Which Hodgkin Lymphoma Survivors Are at Risk of Second Cancers?
Cancer survivors may be affected by quite a few health problems, yet often a major concern is facing cancer again. If cancer comes back after treatment, this is known as recurrence. However, some cancer survivors may develop another type of cancer, known as a second cancer. New research shows that individuals who have had Hodgkin lymphoma have an increased risk of developing second cancers later in life, especially if they have a family history of a specific cancer (mutations in the genes BRCA1 and BRCA2). This is because previous treatment involving radiation therapy and chemotherapy may have led to permanent damage.
Those who were treated with radiotherapy have the highest risk of recurrence
The new research findings suggest Hodgkin’s lymphoma survivors are 2.4 times more likely to develop a second cancer of any type, as opposed to individuals of the same age and gender among the general population. The researchers found that individuals treated for Hodgkin’s lymphoma were 3.5 times more likely to develop lung cancer if they had a close relative with the disease. Moreover, those with a family history of breast or bowel cancer had a two-fold increased risk of developing the cancers themselves. “People with Hodgkin's lymphoma are at a greater risk of developing a second cancer, particularly in those who were treated with radiotherapy approach that was used a few decades ago. A family history of breast cancer adds to their risk. This study is the first to show that a family history of lung and bowel cancer also play a role,” said Martin Ledwick, head cancer information nurse at Cancer Research UK. While the research showed that a family history of lung cancer carries the highest risk, it did not show that the risk decreased with treatment changes, such as lesser dosages of radiotherapy. For this reason, it is believed that there may be other factors involved, aside from heredity, which are influencing the risk, including family smoking habits.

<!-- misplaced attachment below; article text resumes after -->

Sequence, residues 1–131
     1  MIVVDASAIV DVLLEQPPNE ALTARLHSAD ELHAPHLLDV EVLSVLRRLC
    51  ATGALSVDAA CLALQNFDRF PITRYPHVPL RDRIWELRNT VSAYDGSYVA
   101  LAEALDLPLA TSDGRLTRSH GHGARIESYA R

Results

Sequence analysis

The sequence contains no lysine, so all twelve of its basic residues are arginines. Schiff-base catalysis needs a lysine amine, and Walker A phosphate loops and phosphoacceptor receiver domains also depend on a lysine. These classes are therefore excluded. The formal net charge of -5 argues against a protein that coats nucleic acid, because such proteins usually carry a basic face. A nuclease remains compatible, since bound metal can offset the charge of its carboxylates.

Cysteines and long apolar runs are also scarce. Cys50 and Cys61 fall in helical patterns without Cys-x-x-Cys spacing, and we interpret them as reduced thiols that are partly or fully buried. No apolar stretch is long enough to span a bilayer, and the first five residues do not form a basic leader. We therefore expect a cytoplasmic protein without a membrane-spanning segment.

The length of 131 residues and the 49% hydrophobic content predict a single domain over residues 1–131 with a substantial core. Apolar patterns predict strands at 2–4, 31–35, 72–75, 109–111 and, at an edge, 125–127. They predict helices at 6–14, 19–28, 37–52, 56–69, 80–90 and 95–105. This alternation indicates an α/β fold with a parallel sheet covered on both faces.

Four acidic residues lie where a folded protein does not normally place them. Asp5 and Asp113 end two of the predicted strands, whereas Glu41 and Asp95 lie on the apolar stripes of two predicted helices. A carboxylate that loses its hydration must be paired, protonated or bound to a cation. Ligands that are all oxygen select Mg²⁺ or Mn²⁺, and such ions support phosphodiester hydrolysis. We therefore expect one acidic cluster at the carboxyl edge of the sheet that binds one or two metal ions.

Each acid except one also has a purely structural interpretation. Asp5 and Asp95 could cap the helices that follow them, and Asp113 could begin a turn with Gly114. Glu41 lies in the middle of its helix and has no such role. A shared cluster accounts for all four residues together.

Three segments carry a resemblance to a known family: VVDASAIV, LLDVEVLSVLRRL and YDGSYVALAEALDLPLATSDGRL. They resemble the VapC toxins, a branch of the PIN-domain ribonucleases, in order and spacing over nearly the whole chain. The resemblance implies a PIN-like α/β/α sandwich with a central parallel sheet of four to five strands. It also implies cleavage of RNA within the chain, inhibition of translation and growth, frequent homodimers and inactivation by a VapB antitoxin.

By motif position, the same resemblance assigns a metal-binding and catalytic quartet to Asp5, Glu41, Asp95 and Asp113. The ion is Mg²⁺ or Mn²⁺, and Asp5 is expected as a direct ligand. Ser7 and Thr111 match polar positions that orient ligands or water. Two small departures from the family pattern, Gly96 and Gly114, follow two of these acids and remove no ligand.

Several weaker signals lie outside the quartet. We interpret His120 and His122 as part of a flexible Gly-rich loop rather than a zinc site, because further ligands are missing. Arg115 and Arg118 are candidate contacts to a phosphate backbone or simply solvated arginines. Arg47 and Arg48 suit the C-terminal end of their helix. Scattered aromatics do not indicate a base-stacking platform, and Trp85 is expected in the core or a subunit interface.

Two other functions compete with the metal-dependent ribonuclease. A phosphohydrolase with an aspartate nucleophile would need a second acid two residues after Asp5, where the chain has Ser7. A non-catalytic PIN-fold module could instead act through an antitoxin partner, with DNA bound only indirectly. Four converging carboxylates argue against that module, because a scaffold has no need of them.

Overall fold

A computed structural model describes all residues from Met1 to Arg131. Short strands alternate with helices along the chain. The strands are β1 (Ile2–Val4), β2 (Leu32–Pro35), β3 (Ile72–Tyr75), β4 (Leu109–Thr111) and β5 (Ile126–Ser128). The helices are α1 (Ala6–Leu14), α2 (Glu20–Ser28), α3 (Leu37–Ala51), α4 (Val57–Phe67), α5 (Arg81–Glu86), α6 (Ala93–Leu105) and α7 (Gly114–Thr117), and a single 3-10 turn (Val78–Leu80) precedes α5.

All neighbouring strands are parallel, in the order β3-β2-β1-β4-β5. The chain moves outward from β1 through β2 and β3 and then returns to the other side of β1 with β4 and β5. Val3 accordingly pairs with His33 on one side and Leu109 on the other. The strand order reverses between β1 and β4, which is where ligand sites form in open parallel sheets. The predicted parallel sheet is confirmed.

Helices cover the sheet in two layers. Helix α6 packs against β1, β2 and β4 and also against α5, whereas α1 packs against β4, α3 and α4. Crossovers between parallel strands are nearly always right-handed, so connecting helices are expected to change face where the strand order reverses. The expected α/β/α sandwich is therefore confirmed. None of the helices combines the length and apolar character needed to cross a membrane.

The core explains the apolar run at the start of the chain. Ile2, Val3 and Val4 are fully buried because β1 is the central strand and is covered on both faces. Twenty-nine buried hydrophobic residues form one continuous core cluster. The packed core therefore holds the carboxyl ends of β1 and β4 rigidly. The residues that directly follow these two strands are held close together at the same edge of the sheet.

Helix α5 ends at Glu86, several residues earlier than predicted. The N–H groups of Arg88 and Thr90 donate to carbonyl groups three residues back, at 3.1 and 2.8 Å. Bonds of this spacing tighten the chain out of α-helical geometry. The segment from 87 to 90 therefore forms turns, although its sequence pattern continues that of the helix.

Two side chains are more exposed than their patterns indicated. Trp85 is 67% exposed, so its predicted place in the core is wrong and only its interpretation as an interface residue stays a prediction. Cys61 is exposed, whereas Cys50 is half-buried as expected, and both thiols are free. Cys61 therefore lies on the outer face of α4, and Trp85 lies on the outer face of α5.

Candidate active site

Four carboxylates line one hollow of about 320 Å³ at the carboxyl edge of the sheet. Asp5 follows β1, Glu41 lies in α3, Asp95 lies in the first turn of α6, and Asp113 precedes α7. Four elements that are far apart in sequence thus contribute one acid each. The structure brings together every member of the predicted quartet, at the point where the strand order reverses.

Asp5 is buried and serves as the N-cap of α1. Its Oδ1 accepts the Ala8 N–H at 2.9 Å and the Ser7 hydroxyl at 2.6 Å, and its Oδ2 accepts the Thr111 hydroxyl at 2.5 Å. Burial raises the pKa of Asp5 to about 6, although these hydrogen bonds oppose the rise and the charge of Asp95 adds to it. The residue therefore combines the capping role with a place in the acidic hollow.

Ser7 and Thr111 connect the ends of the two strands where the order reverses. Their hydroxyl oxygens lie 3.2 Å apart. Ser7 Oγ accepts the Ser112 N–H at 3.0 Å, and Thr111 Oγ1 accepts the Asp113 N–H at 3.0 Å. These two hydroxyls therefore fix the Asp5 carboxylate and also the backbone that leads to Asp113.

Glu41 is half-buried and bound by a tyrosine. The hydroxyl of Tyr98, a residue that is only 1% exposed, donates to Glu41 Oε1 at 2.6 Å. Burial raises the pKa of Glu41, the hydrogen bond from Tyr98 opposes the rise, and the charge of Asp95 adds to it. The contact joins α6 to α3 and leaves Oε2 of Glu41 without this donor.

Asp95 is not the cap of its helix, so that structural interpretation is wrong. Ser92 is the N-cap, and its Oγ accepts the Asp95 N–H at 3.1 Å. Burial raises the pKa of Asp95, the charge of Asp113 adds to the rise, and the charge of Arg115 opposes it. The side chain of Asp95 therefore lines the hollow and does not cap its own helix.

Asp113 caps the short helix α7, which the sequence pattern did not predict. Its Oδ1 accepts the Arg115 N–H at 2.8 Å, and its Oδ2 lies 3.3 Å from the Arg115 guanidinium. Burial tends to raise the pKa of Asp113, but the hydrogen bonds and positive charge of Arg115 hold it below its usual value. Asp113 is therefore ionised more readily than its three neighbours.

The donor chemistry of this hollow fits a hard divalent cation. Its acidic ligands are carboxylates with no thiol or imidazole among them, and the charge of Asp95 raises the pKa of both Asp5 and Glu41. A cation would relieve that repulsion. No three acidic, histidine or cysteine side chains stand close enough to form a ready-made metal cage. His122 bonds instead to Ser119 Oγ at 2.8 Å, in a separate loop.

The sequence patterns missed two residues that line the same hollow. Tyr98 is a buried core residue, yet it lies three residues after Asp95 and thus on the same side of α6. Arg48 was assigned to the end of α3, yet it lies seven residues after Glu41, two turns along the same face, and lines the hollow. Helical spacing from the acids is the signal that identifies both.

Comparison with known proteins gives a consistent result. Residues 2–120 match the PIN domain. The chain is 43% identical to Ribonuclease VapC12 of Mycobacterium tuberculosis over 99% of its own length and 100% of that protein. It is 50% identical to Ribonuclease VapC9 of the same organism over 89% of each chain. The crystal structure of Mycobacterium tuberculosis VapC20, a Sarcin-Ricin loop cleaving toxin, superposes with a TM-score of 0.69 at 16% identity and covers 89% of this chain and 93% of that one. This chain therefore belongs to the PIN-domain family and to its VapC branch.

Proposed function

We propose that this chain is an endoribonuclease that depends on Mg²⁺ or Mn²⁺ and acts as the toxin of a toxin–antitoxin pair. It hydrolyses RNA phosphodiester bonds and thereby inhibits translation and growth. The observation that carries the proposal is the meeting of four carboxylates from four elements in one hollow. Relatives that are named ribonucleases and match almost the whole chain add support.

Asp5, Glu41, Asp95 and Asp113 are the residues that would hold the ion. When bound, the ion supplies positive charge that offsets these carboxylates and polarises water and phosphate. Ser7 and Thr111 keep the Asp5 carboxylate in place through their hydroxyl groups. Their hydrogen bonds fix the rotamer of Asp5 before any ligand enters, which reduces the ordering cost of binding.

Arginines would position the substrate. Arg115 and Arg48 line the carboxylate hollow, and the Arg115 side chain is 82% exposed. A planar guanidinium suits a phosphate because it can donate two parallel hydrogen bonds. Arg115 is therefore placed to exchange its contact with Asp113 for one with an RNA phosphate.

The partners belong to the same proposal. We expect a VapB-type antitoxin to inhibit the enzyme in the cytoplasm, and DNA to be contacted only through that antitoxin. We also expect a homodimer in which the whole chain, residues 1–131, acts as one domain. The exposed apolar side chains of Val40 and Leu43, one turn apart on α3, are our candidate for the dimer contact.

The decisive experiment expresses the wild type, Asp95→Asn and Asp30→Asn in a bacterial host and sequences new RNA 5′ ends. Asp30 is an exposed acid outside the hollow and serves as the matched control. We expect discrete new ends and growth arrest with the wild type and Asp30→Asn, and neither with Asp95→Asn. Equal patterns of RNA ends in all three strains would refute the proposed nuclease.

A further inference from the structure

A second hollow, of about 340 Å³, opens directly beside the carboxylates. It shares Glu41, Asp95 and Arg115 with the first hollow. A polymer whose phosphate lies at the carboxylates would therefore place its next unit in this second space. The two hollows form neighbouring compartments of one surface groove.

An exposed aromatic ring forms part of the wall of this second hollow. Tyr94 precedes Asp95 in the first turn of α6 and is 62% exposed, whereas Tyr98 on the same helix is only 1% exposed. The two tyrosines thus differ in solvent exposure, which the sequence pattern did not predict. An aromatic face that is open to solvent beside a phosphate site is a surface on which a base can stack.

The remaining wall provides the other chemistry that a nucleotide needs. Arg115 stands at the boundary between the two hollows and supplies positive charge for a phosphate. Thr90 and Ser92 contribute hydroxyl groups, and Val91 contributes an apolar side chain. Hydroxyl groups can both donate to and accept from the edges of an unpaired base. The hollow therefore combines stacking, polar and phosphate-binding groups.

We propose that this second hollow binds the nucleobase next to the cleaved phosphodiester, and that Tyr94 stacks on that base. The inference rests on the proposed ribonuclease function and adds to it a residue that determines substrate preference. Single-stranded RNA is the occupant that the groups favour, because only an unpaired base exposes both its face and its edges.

The study, published in the Journal of Clinical Oncology, was conducted by scientists at The Institute of Cancer Research in London, along with researchers in Sweden and Germany. The research team analyzed data gathered from 9,522 individuals with Hodgkin’s lymphoma and 28,277 relatives of these individuals. 30% of individuals with Hodgkin’s lymphoma had one or more first-degree relatives with the cancer. It was found that those with a family history of cancer were 2.8 times more likely to develop a second cancer, in comparison to patients with no first-degree relatives with cancer, who were 2.2 times more likely to develop a second cancer. What’s more, individuals with two or more first-degree relatives with cancer were 3.4 times more likely to develop a second cancer. The most common second cancers indicated were non-Hodgkin lymphoma, lung cancer, breast cancer, leukemia, bowel cancer, and non-melanoma skin cancers.
Read on to learn more about the results of this study and what they mean for Hodgkin lymphoma survivors.